California parents who are getting a divorce will need to agree on a child custody and visitation arrangement. Otherwise, a judge will create one in the child's best interests. When making a decision, both physical and legal custody will need to be taken into account. While physical custody refers to where the children live, legal custody has to do with making choices about a child's education and general welfare.
Aside from third-party custody, which involves the child being placed with others because the parents are considered unfit, there are a number of ways exes can ensure they both get to spend time with their kids. One of the most common arrangements for joint custody involves the child spending a few days per week with one parent and then the other. However, some parents might opt to have the children continue living in the family home while they take turns staying there.
Exes may split up siblings by having some live with one parent and some live with the other. However, they should be mindful of how this separation might affect children who are already upset over the disruption of divorce. With serial custody, one parent has sole custody for several years before switching with the other parent.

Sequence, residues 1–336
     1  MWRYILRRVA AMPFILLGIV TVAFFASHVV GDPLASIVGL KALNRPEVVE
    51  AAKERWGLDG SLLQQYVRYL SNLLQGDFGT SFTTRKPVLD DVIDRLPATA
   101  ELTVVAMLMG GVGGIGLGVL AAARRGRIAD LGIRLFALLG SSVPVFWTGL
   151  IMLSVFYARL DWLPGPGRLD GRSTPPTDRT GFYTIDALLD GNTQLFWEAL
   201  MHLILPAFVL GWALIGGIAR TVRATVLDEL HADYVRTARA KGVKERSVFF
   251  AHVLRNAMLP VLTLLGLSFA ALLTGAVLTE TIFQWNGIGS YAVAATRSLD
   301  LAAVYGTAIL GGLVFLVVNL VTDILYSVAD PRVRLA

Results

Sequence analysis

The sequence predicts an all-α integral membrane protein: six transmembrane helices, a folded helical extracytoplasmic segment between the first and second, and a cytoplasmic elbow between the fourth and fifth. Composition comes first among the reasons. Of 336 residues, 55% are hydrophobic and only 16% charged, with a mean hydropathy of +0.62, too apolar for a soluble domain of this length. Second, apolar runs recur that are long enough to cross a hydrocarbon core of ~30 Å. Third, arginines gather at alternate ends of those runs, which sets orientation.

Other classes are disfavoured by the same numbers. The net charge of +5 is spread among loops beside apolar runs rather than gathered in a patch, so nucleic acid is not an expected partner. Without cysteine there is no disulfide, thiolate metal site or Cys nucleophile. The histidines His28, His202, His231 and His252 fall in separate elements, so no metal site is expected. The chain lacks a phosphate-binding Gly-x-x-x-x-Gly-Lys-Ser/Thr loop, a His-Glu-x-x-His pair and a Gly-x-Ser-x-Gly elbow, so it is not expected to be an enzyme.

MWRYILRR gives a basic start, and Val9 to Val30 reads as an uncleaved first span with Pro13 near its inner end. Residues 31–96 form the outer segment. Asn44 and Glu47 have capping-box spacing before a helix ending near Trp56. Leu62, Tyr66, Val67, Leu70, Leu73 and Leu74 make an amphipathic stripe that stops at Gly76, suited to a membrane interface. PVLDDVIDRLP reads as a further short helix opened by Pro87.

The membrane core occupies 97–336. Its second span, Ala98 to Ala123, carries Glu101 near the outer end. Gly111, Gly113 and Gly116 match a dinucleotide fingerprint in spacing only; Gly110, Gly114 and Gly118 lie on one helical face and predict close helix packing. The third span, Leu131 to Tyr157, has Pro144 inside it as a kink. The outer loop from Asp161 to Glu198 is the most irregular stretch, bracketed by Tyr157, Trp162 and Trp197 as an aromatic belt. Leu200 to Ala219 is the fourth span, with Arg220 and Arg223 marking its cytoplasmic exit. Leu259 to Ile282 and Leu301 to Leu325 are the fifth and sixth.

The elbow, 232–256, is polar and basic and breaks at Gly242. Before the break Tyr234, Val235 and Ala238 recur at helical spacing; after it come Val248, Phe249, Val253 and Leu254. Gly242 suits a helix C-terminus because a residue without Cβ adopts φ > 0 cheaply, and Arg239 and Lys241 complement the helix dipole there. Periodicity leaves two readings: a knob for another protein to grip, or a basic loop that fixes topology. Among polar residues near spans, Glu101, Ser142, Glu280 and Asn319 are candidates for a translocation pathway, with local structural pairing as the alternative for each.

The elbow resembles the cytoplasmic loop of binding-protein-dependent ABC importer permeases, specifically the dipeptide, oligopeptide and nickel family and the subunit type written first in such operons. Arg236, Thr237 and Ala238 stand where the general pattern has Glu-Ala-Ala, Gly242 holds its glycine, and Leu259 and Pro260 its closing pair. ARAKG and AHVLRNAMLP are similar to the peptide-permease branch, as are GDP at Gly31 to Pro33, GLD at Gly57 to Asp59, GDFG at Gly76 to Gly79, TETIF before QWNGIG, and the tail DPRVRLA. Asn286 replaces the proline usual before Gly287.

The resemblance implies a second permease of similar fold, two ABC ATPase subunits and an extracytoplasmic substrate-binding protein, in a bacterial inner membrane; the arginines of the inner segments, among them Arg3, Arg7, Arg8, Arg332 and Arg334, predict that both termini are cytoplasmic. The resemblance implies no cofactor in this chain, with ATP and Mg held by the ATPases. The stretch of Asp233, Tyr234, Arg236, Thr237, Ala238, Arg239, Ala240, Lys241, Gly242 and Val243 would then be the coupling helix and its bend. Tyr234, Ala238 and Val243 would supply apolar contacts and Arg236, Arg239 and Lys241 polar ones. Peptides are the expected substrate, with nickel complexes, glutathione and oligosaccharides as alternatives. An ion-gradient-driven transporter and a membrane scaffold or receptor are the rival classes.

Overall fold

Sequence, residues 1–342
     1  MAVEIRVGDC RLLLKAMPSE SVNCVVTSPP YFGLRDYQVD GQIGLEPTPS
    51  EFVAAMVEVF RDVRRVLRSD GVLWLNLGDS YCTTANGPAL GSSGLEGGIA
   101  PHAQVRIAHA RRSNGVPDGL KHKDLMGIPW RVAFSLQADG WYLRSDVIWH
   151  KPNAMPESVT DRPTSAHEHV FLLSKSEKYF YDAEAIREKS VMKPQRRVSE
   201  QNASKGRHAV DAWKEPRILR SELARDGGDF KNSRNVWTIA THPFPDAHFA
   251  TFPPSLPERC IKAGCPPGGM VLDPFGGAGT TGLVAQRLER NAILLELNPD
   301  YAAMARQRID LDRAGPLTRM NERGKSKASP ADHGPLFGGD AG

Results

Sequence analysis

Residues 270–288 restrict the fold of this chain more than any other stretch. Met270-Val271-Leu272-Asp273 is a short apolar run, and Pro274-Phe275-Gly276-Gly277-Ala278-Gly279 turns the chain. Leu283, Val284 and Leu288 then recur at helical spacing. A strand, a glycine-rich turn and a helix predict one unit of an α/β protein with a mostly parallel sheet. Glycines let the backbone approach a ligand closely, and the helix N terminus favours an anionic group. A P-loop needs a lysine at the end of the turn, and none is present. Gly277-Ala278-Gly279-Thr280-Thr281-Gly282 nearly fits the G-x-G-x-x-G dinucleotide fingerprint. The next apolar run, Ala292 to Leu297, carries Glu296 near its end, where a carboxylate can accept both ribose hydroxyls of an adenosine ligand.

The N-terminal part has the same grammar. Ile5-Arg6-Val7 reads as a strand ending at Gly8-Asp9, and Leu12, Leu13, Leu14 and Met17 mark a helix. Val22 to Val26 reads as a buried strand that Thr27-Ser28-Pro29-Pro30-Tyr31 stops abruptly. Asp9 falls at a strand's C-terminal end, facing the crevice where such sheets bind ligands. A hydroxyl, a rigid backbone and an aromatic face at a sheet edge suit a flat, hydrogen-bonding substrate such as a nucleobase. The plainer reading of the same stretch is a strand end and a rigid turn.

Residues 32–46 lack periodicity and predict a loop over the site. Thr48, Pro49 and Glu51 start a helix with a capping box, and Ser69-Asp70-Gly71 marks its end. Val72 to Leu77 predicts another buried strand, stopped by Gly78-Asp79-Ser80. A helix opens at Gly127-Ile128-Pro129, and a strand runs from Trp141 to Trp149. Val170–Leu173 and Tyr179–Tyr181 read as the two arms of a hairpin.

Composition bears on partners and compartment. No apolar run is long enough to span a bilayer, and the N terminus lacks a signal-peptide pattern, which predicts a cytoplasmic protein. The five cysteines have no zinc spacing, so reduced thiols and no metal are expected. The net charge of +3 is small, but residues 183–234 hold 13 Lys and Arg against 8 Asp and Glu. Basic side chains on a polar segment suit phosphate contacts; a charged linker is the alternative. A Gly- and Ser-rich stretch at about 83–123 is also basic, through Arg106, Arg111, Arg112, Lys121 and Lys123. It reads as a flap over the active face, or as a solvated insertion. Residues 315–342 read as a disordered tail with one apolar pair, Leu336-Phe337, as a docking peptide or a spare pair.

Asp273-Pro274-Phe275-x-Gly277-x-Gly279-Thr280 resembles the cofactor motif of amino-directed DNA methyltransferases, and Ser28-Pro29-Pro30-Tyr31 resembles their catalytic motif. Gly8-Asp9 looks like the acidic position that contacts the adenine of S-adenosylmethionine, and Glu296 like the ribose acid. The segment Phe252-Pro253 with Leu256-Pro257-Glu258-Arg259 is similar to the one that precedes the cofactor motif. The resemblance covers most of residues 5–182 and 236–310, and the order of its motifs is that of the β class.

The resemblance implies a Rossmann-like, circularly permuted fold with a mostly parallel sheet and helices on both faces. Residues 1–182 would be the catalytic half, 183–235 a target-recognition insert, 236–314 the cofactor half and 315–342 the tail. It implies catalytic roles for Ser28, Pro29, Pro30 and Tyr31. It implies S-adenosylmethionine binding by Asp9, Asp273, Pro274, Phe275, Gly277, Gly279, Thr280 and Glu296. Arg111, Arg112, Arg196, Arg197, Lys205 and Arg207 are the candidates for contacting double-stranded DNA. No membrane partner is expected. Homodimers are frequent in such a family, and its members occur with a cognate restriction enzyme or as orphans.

Any of these arrangements may work for certain situations. For example, serial custody might be used if one parent is deployed with the military or has another type of job that takes them away from the area for long periods of time. To reduce conflict, exes could create an arrangement that will give children stability and allow them to build relationships with both parents.